When the coronavirus pandemic forced him to cancel his European and UK spring tour, Canadian singer-songwriter Jerry Leger turned a negative situation into a positive one by hastily putting together a brand new, digital-only album called Songs From The Apartment.
Available to buy from Bandcamp, it’s made up of ‘lost’ songs from 2013- 2018 that he’d demoed and quickly forgotten about.
It’s a brilliant collection of intimate Americana and Dylanesque folk-blues tracks.
The loose, raw and lo-fi recordings really hang together well as an album, and, if anything, it demonstrates that Jerry’s discarded songs are better than many artists’ officially released ones.
In an exclusive interview from his apartment in Toronto, Jerry tells Say It With Garage Flowers how he pulled the album together so quickly, reveals details of a series of forthcoming online gigs streamed live on Facebook and suggests a suitable soundtrack for these days of isolation…
How’s it going? Are you safe? What’s the situation like in Toronto?
Jerry Leger: I’m well and doing what I can to stay safe and keep my distance during the handful of times I’ve had to leave my apartment. A state of emergency was announced in Toronto and everything is changing by the day – stores and other places are closing and there are more guidelines for what we need to do to protect ourselves and others. It’s a good thing to help us get through this as soon as possible.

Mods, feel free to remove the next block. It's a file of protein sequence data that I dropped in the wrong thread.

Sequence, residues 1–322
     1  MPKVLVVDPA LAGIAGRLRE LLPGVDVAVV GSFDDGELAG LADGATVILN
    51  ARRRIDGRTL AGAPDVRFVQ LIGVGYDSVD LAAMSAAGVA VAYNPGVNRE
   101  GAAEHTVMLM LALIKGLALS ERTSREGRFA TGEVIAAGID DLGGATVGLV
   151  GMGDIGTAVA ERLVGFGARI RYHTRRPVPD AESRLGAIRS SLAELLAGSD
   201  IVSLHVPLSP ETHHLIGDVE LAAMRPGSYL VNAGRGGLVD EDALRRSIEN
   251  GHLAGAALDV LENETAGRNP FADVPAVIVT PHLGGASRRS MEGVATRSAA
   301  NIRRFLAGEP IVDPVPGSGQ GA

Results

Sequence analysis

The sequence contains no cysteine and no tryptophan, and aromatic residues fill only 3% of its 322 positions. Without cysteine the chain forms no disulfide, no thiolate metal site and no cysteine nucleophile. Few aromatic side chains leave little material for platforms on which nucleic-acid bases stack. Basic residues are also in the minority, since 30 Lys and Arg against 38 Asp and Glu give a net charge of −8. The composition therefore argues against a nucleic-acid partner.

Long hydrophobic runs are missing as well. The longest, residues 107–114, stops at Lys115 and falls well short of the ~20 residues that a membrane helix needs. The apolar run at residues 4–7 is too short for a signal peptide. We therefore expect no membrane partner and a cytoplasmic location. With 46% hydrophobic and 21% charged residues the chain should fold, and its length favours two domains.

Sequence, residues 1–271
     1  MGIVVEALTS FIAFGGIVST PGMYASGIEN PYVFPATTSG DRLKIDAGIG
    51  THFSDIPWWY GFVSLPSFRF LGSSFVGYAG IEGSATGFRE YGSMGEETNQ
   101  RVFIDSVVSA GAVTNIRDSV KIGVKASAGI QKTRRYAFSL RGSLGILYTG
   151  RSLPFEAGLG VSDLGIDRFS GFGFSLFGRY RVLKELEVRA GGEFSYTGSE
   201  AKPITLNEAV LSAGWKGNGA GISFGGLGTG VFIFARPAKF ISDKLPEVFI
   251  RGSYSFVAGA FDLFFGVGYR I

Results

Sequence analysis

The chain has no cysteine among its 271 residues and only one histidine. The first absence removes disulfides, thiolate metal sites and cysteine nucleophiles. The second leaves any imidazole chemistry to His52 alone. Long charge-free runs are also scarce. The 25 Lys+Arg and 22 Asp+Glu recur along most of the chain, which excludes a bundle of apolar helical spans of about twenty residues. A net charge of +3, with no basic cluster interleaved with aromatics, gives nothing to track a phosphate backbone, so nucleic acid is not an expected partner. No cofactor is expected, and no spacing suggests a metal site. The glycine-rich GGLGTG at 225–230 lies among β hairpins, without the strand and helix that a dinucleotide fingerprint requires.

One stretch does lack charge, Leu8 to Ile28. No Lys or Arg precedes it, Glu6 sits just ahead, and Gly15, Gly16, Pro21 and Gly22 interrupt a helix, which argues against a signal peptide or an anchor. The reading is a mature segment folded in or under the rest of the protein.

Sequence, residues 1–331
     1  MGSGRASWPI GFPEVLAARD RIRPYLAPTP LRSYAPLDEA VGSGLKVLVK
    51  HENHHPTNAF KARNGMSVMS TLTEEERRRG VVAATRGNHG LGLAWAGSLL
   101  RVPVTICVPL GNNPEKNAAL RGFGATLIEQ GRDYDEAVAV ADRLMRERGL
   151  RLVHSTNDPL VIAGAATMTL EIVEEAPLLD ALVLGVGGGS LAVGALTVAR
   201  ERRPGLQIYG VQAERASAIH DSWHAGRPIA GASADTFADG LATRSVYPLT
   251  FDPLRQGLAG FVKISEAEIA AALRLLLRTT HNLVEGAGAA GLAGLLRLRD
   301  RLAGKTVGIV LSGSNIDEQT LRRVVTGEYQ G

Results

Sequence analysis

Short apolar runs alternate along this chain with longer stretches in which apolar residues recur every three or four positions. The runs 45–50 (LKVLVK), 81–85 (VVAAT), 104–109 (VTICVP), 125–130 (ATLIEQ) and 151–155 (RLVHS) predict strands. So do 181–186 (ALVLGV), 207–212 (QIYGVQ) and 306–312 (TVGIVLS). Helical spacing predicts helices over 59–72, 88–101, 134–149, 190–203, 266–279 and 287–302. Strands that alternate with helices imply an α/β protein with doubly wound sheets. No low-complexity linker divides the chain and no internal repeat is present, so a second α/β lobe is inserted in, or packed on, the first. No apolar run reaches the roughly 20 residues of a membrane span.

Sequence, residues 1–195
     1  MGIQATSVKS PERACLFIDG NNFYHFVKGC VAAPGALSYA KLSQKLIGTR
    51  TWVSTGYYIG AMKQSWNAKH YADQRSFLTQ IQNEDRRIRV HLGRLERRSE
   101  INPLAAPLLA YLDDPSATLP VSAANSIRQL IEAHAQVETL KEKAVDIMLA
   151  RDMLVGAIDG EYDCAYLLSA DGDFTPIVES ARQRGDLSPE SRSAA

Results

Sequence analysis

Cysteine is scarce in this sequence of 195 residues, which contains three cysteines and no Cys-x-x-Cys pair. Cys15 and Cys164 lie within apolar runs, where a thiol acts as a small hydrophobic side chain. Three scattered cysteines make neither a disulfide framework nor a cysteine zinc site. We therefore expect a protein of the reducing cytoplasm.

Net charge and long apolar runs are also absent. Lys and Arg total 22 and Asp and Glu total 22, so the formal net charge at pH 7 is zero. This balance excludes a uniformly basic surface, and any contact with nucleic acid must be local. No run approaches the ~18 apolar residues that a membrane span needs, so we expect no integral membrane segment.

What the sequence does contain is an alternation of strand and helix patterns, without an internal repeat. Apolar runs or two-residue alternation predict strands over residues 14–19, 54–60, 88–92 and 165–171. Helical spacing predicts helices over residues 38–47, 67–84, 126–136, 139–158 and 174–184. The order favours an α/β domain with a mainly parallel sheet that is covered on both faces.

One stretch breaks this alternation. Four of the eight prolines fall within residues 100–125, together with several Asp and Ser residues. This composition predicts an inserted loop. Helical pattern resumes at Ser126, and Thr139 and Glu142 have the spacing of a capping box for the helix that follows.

Sadly the coronavirus has meant you’ve had to postpone your UK and European tour. How do you feel about that? What impact has it had on you financially?
JL: Well, it was a major blow, very disappointing and, as you can imagine, financially devastating. It’s being rescheduled for next spring – I’m hoping that things will have settled down by then. Of course, our health is the number one priority for all of us, but it is very stressful. You’re dealing with how the present has been affected and worrying about how the future looks.
After a few days I was able to calm my mind down a bit and not worry about things too far into the future. All it does is create more anxiety and I have enough of that already. The virus has put a lot of things into perspective for me. My girlfriend Laura has helped a lot and I’ve also been coping by staying busy and by thinking of creative things I can do from home.
I started the year off by catching up on a lot of reading and also writing more, so I’m gonna do more of that and get back to sketching, which I find stress relieving.
How are you coping with being indoors all the time?
JL: I’ve actually been enjoying it to some degree. I haven’t cracked up yet! After my big European and UK tour was postponed and Canadian dates were cancelled, the first few days of recommended isolation were spent dealing with that and what to do next.
I had started the year off writing a bunch of songs, but, of course, the pandemic put my creativity on hold. I’m easing back into the mindset for when the mood and inspiration strikes.